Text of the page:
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Wednesday, January 12, 2011

OT: DXOLabs / Luminous Landscape is wrong

DXOLabs is a company devoted to digital camera and lens testing software. Their DXOMark is a standard for lens testing, and they surely know their business.

So you might imagine that when you read an article on a well respected website, as Luminous Landscape is, that tells you that your loved (and expensive) digital camera is cheating you, it's something to worry about.
The article is "An Open Letter To The Major Camera Manufacturers" by Mark Dubovoy. The thesis is that the digital sensors, having the photosites somewhat inside a "tube" are shielded from some of the peripheral light rays (think of a honeycomb grid on a flash), so very fast lenses hit this limit and become "darker". Thus the camera manufacturers hacked the problem by silently raising the ISO sensitivity with such lenses.

This is interesting and so on, but it sounds strange. The graph they gave Dubovoy seem to depend only on the f/stop and not on the design and focal of the lens (latest data is here). If the problem is the angle of the light rays, wideangles should be more affected than tele.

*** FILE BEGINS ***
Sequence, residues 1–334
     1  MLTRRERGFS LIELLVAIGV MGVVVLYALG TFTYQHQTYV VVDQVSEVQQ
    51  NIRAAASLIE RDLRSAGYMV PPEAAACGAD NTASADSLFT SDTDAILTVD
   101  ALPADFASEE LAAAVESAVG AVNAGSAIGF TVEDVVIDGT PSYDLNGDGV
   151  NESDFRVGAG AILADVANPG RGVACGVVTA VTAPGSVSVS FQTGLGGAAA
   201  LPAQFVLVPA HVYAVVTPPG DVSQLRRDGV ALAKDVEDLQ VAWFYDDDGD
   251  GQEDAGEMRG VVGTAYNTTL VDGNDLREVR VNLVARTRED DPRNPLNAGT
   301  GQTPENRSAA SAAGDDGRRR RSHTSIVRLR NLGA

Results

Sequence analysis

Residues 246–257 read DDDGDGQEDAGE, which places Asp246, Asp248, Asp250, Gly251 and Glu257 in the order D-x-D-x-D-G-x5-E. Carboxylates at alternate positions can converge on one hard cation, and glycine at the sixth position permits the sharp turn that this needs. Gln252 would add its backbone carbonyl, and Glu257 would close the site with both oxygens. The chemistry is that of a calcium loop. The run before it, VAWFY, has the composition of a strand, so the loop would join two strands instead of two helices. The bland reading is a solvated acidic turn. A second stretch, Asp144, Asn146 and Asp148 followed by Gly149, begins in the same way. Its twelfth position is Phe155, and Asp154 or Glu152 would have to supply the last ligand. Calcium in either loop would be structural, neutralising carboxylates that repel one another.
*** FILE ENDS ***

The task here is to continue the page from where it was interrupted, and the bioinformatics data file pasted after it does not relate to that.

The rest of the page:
Anyway, I had to test. So I bought a 85mm 1.2 and did some shots. I first replicated the test I saw here, checking that the aperture does indeed change the shape of the circle of confusion, but how do we know that the full-open aperture is indeed as wide as it should have been? Well, I did a simple test, just shielding the lens contacts with some tape so the camera does not recognize it anymore. Result? Same brightness (even if I didn't shoot the images exactly at the same angles due to the fact that I had to move the camera to patch the lens), surely not the half EV drop that dxomark predicted.

Myth busted (at least with a 85mm 1.2, maybe I should try the 35 1.4 too just to be sure)

Note: that doesn't mean that indeed there is or could not be some light loss (albeit it would be easy to measure for your camera, just compare the image exposed to a given stop via shutter speed versus the same done by opening the aperture, on a taped lens), but that, at least for my camera, there seems to be no ISO cheating that I could detect.

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